Just like Nights, the game will give the player a grade when the level is complete. This time, ranks range from D (check) to S, with S being the highest. The official grade is made of four (check) components: people rescued, crystals, fire percentage, and boss time. These methods also detail the various ways the game was meant to play. To find all of the hostages, the levels will need to be searched from front to back. Of course, finding all of the locations where a person may be is not exactly conducive to finishing the level in record time, so blazing through as fast as possible is another option. In trying to keep the fire percentage levels down, a player may have to sacrifice a few seconds. I've found it most enjoyable to try to get through the level with a quick pace, putting out fires and checking for any rescuees along the way.
After the game has been completed for the first time, a random mission generator mode opens up. This has been advertised as giving the game infinite replay value. It helps... kind of. The levels are the same as they have been, but what changes, what is randomly generated, is the location of the rescuees, which doors are locked, and the location of the switches to unlock the door. Basically, the entire game can't be seen in one play-through, since certain doors lock out specific sections, but at the end of the day, they are still the same missions that just play out slightly differently.
Birthday: August 7
As the flames whip and intensify, the exhausted ten-year old Shou lets out a last desperate cry. A shimmering outline appears, extending a blood-soaked glove to hurl the young boy to safety. Then - and in the countless haunting dreams since then - Shou looks back to witness the phantasmic Burning Ranger vaporize I a ball of flame...
That was the day that changed Shou's life, the day he recognized his destiny.
Then years later, he too has earned the right to call himself a Burning Ranger, and maybe someday he'll be able to repay his debt.
After a blaze mercilessly snatched away the lives of her loving parents, the young and bewildered Tillis was taken into government foster care. The cold and impersonal environment spawned in her a desire to save others from the pain of untimely loss.
Strength of character, limitless compassion, and extraordinary physical dexterity made her a perfect candidate for the Burning Rangers - her new family.
Birthday: January 23
Lead joined fire-fighting after graduating high school - more for the experience than out of any real desire to help people. However, once he got involved in the job of actually saving lives he quickly gained a healthy respect for the business...
Lead has nurtured in himself the perfect temperament for the role of Burning Ranger. He's a cool intellectual who always thinks before he leaps, thanks to an intense awareness of the value of every life.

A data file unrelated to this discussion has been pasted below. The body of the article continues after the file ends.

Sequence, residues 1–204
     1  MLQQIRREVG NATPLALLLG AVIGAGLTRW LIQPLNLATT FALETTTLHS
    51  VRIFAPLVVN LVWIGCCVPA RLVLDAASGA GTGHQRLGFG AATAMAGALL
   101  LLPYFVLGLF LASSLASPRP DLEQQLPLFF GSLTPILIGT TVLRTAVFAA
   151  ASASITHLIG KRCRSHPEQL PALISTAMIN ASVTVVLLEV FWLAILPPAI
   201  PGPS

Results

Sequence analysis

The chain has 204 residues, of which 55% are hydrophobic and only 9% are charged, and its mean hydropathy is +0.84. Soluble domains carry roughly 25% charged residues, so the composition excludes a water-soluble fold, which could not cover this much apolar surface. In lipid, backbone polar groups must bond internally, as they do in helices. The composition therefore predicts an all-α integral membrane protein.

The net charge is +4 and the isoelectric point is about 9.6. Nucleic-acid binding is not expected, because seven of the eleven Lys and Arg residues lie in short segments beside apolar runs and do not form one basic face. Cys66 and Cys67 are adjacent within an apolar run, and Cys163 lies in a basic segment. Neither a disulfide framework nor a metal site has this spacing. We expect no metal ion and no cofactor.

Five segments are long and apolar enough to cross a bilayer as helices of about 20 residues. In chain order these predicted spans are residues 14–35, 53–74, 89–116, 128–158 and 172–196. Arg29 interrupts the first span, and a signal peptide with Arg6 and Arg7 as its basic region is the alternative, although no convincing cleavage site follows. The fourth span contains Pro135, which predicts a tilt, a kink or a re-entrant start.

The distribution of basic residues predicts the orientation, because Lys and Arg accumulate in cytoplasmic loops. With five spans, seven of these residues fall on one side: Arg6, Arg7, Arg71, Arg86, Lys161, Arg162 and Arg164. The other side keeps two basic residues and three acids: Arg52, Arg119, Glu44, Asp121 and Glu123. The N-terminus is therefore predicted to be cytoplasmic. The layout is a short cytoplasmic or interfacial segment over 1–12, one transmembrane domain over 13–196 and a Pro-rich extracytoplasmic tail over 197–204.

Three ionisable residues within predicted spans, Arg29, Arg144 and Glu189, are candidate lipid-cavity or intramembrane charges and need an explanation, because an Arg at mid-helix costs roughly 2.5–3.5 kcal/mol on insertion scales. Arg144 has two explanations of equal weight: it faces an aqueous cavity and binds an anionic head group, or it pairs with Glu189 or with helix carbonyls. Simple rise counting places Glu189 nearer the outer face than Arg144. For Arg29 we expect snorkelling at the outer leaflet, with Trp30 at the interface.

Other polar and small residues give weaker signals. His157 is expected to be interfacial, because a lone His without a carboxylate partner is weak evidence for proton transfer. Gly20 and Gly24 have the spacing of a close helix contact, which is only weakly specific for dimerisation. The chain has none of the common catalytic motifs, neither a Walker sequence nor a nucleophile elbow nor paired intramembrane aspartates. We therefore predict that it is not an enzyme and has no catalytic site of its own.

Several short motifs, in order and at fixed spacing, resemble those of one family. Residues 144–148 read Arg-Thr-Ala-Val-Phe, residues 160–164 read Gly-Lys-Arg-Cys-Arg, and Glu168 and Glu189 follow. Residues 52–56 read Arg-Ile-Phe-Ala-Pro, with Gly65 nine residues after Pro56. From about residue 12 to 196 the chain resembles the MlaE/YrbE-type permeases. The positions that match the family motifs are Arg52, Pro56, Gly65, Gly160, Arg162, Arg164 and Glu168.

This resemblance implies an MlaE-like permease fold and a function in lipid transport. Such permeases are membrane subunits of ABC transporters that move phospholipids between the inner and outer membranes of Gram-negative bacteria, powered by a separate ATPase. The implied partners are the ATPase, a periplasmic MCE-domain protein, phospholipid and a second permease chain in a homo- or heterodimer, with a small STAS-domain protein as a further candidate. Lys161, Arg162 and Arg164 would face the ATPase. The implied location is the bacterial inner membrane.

Height: 230 cm
Birthday: April 20
Big is the eldest and most experienced of the Burning Rangers. His enormous strength and incredible sensory perception have come to the rescue of many hundreds who had lost all hope.
Big was badly injured in a terrible accident early in his career, but thanks to his iron will and unbending sense of purpose, he now operates with a body rebuilt using neuro-sil and carbo-limb implants.
Birthday: September 10
Chris was on thirteen when her father - a first generation Burning Ranger - perished while trying to rescue survivors of a chemical explosion. Chris grew up with enormous pride in her father and his ultimate sacrifice, yet she always felt that his work had been left unfinished. Chris decided to continue her father's legacy despite her mother's tearful objections.
Her razor-sharp judgment and ability to remain calm in the searing heat of the moment were talents quickly recognized as being perfectly suited to the job of Burning Rangers Team Navigator.
According to the scraps of information that are coming through, there's been a breach of the core reactor at the power plant. The central computer has somehow taken complete control of the plant and its HST-series robots. You've been sent in to run the gauntlet of blazing passageways, searing generator rooms, and super-flammable fuel cells in an attempt to shut down the reactor before the whole place is blown to smithereens.
An unexplained accident has occurred at an undersea marine research laboratory. The Burning Rangers must access the research facilities and rescue the trapped researchers. Watch out for the lab's Guardian-series robots - it seems they've started to attack anything that moves.
A huge, silent space station drifts helplessly in the void. Inside, the scene is not so peaceful - flames are beginning to spread throughout the vessel, feuled by the precious oxygen onboard.
Your mission is to rescue any survivors from an untimely death, and eliminate the cause of this terrible incident
One of the bonus features of Burning Rangers is that it features a "mail" system. After rescuing people from the fires in the game, they will write letters. Some are sappy, some are generic, some are cheesy jokes, and some are pretty interesting. A few of these folks will send several e-mails, updating you on their lives and other happenings. The designers of the game can be rescued and will attachments extra art and passwords for the game.
Did you know?
- There was a 2-player version in development.
- The Burning Rangers characters were designed so that their silhouettes would look like angels.
- The game's original name was simply "Firefighter."